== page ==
Friday, April 27, 2007
Thursday, April 26, 2007
Sunday, April 15, 2007
"Two roads diverged in a wood
And I took the one less traveled by
And that has made all the difference."
Today was an amazing spring day, so Jon and I partook in my favorite Sunday afternoon pasttime. We took a long, intimate walk along Minnehaha Creek taking in the sun and the smells. The breeze carried the scent of the water, the earth, the promise of green things to come. But most was still brown and recovering from the long, rollar-coaster winter. Not even the grass had persisted through the decomposing layer of leftover autumn leaves. The path split and we walked along the dirt path with our fingers laced. And suddenly we came upon a lush patch of little blue flowers. Its lively contrast to the drab landscape took us both by surprise. It was just the spark we we needed to know that change was just around the corner. Isn't that always the case? When we find ourselves on the dirt paths of our lives, God brings us a joyous splash of life and promise that we need to continue and persist. That makes all the difference.
Wednesday, April 11, 2007
I guffawed when Jon read this to me...hope you get a chuckle out of it, too!!
A number of years ago, the Seattle Symphony was doing
Beethoven's Ninth under the baton of Milton Katims.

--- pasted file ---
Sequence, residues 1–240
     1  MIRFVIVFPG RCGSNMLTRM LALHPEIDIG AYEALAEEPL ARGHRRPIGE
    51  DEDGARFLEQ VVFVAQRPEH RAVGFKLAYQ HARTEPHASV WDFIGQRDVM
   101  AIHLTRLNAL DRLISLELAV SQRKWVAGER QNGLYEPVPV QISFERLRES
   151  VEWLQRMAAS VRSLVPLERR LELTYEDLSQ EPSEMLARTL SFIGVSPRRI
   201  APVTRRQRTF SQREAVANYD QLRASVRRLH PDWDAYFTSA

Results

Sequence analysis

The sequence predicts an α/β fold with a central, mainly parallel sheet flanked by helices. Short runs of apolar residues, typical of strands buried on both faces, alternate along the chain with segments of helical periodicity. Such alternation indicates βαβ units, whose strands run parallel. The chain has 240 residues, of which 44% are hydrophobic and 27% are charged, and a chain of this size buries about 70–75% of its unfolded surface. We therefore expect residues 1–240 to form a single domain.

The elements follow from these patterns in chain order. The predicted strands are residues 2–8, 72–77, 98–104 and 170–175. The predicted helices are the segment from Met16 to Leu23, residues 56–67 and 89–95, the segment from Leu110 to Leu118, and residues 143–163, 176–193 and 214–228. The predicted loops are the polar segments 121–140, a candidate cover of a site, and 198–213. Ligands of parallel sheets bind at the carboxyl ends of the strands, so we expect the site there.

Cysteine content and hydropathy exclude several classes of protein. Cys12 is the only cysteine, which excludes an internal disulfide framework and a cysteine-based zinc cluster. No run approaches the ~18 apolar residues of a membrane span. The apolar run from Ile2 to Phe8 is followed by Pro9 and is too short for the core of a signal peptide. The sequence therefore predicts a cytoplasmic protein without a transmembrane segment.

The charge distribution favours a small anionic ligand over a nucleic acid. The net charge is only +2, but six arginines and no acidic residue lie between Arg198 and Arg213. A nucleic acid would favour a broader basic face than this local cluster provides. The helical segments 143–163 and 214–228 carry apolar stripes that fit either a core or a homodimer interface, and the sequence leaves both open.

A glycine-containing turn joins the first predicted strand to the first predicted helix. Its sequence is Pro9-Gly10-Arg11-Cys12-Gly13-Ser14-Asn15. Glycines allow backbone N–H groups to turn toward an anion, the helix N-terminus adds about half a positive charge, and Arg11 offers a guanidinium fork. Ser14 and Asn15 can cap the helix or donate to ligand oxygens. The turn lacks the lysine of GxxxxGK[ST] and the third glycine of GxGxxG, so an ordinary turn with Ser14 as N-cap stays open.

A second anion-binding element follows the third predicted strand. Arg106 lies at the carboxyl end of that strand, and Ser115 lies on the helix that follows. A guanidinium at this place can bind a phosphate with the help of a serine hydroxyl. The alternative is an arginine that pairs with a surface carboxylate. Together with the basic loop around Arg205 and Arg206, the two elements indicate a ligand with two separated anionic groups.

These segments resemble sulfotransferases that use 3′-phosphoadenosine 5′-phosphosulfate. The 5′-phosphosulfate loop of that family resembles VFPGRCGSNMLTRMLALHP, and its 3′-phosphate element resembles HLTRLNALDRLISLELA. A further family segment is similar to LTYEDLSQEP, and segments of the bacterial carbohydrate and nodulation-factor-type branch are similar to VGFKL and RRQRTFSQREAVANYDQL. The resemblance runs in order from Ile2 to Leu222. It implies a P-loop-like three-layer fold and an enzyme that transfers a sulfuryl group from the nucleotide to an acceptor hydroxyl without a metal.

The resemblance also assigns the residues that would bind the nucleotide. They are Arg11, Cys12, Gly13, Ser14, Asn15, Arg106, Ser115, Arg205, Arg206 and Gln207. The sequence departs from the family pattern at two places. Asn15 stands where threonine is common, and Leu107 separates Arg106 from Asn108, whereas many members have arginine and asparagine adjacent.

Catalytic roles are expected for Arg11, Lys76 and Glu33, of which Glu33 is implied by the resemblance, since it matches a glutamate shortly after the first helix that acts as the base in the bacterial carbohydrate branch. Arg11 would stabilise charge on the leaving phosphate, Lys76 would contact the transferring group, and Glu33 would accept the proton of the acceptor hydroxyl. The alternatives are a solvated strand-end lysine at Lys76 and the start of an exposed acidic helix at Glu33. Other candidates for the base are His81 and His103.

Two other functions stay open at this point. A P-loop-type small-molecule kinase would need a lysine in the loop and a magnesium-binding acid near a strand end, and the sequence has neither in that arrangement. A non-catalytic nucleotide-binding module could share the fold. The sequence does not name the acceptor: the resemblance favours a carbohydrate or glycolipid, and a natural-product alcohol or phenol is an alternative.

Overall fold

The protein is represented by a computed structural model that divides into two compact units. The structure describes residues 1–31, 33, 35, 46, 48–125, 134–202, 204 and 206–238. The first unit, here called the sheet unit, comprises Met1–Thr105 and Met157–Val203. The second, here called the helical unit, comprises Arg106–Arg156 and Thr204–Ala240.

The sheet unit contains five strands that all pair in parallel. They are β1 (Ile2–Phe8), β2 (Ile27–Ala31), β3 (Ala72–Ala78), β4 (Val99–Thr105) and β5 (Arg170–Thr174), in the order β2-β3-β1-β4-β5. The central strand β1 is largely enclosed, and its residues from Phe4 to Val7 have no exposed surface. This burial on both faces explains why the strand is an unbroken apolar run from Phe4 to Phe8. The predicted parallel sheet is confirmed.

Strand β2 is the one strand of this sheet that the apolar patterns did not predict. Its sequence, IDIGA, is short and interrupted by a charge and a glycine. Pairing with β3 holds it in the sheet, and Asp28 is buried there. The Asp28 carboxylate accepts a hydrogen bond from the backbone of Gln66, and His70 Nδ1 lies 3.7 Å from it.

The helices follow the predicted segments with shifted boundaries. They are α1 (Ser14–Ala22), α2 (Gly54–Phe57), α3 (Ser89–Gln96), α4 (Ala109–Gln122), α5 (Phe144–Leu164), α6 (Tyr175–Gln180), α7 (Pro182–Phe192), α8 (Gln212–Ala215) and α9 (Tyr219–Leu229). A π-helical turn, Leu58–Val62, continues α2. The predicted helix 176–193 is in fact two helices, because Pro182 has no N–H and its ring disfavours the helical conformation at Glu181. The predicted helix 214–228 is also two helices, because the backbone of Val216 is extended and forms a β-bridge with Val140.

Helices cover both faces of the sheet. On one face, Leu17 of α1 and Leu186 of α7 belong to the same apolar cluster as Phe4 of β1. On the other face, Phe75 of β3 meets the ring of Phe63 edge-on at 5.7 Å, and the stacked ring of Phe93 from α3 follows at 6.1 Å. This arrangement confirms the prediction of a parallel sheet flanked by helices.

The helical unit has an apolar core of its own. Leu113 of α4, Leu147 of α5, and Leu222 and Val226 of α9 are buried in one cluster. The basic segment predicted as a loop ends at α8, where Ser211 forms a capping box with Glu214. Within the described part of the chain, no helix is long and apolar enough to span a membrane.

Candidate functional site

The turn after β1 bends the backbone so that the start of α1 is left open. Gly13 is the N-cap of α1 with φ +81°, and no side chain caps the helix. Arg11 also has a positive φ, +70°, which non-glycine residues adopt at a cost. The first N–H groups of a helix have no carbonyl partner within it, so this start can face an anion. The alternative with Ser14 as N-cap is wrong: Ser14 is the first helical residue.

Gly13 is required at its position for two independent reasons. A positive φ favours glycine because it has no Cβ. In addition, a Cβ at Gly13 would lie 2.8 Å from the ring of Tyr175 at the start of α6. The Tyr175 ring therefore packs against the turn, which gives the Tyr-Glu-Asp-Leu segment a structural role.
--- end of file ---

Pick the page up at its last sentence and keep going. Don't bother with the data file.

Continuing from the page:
At this point, you must understand two things:
1. There's a long segment in this symphony where
the bass violins don't have a thing to do. Not a
single note for page after page.
2. There used to be a tavern called Dez's 400,
right across the street from the Seattle Opera House,
rather favored by local musicians.
It had been decided that during this performance,
after the bass players had played their parts in the
opening of the Ninth, they were to quietly lay down
their instruments and leave the stage rather than sit
on their stools looking and feeling dumb for twenty
Once they got backstage, someone suggested that they
trot across the street and quaff a few brews. After
they had downed the first couple rounds, one said,
"Shouldn't we be getting back? It'd be awfully
embarrassing if we were late."
Another, presumably the one who suggested this
excursion in the first place, replied, "Oh, I
anticipated we could use a little more time, so I tied
a string around the last pages of the conductor's
score. When he gets down to there, Milton's going to
have to slow the tempo way down while he waves the
baton with one hand and fumbles with the string with
So they had another round and finally returned to the
Opera House, a little tipsy by now. However, as they
came back on stage, one look at their conductor's face
told them they were in serious trouble. Katims was
furious! And why not? After all...
It was the bottom of the Ninth, the score was tied,
and the basses were loaded.